[FRANKLIN, Benjamin, printer (1706-1790)]. CICERO, Marcus Tullius (106-43 B.C.) M. T. Cicero's Cato Major, or his Discourse of Old-Age: with explanatory notes. Translated by James Logan (1674-1751). Philadelphia: printed and sold by Benjamin Franklin, 1744.
4o (201 x 128 mm). Title-page printed in red and black. (A few insignificant pale foxmarks, small pale stain on rear flyleaf.) Contemporary calf by Joseph Goodwin, Philadelphia (cf. Miller, Appendix C), sides with a blind-tooled double panel of fillet N, cornered by stamp S, roll no. 24 on inner panel and on board edges, spine gilt-ruled and lettered in blind, red speckled edges (slight wear to hinges at ends of spine, light wear to board edges, faint round stain on rear cover); cloth folding case.
Provenance: ?Joseph Trumbull (signature on front cover, "Josf. Trum.," possibly Joseph Trumbull (1737-1778) of Connecticut, commissary-general of the Continental Army) -- Hovingham Hall Library (stamp on rear flyleaf).
FIRST EDITION, FIRST STATE (with "ony" on page 27), printed on Genoese paper (three circles watermark). James Logan's translation of the Cato Major immediately struck Franklin's fancy when he saw a copy of it. Logan, American scientist, statesman, bibliophile and Franklin's friend, had captured the work in a wholly new fashion. Franklin wrote: "I believed it to be in itself equal at least, if not far preferable to any other Translation of the same Piece extant in our Language, besides the Advantage it has of so many valuable Notes, which at the same time they clear up the Text are highly instructive and entertaining; I resolved to give it an Impression." Franklin was not as readily able to bring it into print, however, for Logan wrote to Peter Collinson in 1742, some five years after the circulating copies began to be known: "I forgot to mention the Cicero de Sente. Our ingenious printer B. Franklin about three or four years ago wrote me that he was inclined to print it, on which I revised & altered some of the Parts for the better, & sometime this last winter [1741-42] he sent me the first sheet of it, & this is all I know of the matter."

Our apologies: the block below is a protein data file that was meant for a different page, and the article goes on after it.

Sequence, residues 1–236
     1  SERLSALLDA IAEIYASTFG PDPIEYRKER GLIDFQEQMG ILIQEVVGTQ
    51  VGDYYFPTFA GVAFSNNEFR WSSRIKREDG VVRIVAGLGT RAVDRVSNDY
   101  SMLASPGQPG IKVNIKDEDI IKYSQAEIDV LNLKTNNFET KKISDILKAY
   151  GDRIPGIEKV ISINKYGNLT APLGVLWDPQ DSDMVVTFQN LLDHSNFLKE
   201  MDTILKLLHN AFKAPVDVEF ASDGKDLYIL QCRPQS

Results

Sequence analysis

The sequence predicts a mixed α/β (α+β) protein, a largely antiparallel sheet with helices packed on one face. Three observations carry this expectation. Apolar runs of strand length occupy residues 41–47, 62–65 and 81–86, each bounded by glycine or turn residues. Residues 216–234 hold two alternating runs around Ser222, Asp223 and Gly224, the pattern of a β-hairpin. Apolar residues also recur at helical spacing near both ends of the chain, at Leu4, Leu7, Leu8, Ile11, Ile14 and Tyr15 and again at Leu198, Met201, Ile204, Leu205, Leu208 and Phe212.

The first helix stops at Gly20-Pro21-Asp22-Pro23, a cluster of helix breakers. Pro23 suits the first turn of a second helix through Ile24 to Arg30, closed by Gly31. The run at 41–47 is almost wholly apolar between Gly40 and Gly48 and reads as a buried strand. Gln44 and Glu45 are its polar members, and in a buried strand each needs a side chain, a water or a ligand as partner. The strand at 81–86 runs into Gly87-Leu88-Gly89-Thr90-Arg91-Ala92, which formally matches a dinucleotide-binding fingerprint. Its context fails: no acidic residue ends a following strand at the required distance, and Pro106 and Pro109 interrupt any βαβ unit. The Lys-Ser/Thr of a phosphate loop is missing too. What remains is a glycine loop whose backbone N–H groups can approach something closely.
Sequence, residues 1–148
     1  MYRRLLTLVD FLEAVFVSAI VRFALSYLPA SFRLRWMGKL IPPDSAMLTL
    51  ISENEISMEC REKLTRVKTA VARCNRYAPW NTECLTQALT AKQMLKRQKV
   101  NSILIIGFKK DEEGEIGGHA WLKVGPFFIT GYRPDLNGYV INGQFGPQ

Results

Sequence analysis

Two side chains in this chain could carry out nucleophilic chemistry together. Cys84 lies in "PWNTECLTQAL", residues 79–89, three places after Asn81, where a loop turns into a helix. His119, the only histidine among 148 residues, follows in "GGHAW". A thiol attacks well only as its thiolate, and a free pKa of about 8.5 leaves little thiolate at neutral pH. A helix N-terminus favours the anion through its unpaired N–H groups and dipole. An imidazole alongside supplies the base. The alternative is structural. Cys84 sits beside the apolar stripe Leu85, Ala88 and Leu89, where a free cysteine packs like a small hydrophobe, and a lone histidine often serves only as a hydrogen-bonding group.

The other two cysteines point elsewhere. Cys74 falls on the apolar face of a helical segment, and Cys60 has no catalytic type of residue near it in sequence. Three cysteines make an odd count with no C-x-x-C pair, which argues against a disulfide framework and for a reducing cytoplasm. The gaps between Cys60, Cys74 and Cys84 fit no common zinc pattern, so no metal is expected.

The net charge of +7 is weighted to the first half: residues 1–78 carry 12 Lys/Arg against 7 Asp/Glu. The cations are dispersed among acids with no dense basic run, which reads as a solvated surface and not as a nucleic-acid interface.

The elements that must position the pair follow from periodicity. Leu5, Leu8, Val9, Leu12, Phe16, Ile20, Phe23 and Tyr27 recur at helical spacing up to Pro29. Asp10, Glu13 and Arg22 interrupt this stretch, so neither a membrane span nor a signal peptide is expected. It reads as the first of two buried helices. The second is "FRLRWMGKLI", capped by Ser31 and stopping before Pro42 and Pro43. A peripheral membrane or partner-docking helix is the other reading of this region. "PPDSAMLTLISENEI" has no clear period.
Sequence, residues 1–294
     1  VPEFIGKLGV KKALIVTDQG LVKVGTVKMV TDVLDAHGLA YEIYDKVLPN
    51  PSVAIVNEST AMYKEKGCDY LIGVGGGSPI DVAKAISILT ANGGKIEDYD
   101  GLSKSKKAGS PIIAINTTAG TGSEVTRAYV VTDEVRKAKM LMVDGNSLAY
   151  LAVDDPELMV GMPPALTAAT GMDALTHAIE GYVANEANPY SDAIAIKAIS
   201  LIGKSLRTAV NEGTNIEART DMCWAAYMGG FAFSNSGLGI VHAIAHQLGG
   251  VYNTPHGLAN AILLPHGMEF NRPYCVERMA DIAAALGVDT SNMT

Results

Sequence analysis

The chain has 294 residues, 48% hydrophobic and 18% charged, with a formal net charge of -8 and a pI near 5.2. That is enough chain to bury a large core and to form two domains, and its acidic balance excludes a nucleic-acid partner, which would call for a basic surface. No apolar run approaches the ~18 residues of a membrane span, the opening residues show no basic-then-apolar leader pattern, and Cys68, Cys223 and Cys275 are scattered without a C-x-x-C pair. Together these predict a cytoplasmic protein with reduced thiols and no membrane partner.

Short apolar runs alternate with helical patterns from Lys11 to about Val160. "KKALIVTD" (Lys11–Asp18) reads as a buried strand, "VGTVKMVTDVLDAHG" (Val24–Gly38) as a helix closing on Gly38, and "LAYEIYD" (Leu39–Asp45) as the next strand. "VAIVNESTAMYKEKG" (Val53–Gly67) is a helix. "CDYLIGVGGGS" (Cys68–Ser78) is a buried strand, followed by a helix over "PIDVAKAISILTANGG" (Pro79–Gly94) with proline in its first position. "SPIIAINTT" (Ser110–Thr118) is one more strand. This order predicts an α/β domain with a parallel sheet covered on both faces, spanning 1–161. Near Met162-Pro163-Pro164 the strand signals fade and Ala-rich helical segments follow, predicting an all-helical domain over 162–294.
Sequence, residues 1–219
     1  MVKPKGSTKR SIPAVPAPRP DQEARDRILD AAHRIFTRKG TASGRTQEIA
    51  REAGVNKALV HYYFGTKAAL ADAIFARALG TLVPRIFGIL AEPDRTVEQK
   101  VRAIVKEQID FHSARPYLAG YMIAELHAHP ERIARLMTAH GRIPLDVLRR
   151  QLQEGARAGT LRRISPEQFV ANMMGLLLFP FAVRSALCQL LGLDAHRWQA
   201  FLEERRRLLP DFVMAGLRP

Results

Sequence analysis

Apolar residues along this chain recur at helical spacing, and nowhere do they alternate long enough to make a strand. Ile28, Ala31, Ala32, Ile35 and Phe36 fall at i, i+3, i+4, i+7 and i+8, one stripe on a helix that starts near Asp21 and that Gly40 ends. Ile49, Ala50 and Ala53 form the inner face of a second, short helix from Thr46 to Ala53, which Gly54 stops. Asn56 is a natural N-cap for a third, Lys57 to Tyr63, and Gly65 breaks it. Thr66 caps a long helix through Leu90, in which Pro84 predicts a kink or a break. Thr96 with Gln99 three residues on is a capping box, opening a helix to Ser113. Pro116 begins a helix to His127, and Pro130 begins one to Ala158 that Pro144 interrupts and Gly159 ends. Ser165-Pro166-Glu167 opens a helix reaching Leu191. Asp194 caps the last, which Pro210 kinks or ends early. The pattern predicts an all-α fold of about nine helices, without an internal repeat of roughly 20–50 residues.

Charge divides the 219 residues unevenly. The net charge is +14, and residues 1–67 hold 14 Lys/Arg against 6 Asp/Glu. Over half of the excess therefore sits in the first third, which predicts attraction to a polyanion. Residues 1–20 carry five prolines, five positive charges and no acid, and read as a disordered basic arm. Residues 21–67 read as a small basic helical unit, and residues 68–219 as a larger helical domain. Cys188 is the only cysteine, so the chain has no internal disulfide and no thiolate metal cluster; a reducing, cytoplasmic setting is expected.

Franklin understood that there was more "honor than profit in this enterprise" (Miller). The result, finally completed when time away from more profitable print jobs permitted, is now generally considered Franklin's typographic masterpiece and with the exception of the almanacs is the best known work from Franklin's press. The present copy was bound by the Philadelphia binder Joseph Goodwin (fl. 1742-1746), whose shop was continued by Nathaniel Holland (fl. 1747-?1752). FINE COPY.
Church 949; Evans 5361; Miller 347; Norman 484; Sabin 13040.